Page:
• Kathy Baron replied

      on August 9, 2013 at 6:30 pm

      Doug,
      You’re correct. It’s based on Assemblywoman Susan Bonilla’s bill, AB 484, passing and being signed into law. The bill passed the assembly on a nearly party line vote (Assemblywoman Diane Harkey, R-San Juan Capistrano voted with democrats). The bill’s first vote in the Senate, on the education committee, was 7-1, also along party lines. Of course that’s no guarantee that it will pass the full Senate, but does provide a glimpse into the way the way lawmakers are leaning on AB 484.

  6. navigio said

    on August 9, 2013 at 10:18 am

    There are so many things about our testing regime that I fail to comprehend. Since this may be the last time we ever talk about it, I guess I should mention some of them.

    Probably the most important is that in our ‘failing schools’, proficiency rates are up huge since 2003. This is particularly so for ‘disadvantaged subgroups’. While we still like to classify those schools as failing because we look at things in absolute terms, we should not forget that we have not significantly changed the ‘input’ to the system in that decade. The reason for that increase is not obvious, but its something we should not forget has happened.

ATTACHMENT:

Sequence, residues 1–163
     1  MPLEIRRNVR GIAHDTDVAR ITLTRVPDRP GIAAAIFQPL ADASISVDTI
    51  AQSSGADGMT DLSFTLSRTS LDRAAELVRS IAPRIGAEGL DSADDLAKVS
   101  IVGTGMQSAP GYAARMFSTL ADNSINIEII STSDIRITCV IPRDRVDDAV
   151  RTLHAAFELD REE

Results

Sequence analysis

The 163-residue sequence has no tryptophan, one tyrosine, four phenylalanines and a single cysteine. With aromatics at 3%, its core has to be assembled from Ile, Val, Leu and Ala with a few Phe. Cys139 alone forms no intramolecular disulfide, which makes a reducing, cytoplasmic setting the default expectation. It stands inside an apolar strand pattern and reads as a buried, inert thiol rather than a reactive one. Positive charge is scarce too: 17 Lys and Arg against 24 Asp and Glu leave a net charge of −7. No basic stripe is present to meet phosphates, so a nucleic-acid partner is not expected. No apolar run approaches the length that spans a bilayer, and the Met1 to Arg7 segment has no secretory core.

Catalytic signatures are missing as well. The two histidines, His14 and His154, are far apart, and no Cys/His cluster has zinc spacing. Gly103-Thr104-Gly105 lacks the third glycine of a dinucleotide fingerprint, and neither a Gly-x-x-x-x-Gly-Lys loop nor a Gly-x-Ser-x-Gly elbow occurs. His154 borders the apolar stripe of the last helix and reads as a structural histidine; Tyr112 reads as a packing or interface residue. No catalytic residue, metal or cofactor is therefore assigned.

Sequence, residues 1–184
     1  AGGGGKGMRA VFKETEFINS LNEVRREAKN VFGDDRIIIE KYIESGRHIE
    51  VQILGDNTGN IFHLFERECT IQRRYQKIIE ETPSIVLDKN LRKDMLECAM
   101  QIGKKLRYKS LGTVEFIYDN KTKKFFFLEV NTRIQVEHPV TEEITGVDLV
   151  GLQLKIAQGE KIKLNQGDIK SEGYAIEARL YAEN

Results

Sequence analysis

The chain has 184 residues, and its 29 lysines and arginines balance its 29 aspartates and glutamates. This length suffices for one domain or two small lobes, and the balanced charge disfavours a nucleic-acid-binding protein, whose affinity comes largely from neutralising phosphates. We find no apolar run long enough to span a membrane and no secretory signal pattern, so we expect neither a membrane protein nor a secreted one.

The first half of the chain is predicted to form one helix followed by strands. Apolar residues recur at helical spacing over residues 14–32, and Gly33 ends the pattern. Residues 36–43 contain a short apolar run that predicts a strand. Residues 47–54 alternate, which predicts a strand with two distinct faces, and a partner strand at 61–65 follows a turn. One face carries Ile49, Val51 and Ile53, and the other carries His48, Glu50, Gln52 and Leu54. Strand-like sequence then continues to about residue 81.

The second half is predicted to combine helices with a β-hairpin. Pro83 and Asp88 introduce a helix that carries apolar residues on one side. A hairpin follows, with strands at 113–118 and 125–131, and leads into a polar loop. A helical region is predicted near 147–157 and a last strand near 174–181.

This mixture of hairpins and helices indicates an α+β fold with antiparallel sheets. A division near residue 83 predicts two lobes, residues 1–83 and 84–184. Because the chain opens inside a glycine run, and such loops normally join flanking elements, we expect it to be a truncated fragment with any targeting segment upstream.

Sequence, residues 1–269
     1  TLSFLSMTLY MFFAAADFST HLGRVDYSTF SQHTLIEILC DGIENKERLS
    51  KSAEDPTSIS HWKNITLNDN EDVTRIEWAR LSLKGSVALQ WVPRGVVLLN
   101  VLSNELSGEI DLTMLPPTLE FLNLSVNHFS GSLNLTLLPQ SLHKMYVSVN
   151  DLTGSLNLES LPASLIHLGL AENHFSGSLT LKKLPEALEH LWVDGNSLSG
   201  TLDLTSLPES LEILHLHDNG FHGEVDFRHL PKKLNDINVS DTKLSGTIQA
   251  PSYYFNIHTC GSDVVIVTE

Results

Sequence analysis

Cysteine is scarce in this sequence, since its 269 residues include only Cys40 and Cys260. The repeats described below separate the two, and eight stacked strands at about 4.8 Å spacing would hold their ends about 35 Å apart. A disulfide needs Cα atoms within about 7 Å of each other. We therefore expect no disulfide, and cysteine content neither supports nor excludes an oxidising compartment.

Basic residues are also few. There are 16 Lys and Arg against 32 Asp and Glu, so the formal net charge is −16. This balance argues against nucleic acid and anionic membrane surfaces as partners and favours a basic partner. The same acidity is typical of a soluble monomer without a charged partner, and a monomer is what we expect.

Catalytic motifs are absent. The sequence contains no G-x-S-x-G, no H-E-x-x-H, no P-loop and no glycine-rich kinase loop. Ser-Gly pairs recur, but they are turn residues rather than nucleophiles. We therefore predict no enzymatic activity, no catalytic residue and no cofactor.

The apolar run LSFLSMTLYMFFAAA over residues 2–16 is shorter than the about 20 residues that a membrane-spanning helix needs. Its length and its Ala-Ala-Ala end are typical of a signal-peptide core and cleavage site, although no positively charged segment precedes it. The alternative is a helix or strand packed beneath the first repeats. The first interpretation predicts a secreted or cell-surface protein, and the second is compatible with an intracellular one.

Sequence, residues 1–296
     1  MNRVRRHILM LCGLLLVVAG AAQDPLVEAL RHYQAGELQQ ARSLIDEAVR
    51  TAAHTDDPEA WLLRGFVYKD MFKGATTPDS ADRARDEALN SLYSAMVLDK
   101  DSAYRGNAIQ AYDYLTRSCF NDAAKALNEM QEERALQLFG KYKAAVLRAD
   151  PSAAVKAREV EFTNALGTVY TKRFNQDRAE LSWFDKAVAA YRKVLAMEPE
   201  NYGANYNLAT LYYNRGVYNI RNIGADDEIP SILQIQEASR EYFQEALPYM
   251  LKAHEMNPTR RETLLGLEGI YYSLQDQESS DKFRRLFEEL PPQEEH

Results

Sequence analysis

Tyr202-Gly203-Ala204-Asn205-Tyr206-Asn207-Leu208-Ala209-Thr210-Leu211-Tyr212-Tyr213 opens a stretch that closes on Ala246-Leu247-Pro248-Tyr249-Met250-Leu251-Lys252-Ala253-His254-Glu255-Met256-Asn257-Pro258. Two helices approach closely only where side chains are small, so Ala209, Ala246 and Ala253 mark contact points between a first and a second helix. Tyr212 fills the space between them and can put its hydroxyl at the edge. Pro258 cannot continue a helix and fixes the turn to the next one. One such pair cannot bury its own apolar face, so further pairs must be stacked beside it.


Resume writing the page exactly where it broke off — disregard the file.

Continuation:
Then another is the very simple fact that comparing numbers over a decade isn’t very appropriate. Probably the most important reason is that the kids in those different years had varying levels of ‘influence’ put on them from the things we like to believe impact test score changes. If you look at a 2nd grader in 2005, that will be a student who spent their entire public education career (a measly 3 years) under the influence of a ‘test-based system’. But an 11th grader in the same year only spent 3 of their 12 years under that system, with their most formative years having been from the lated 90’s. If in fact we assume our test-focused policy has some influence, then it must be that the lack of that influence is something that will have a legacy in the results of those older kids. If that is true, we might expect the deviation between a 2nd and 11th grader’s scores to be much larger in earlier years than in later ones (though exactly the opposite appears to be the case).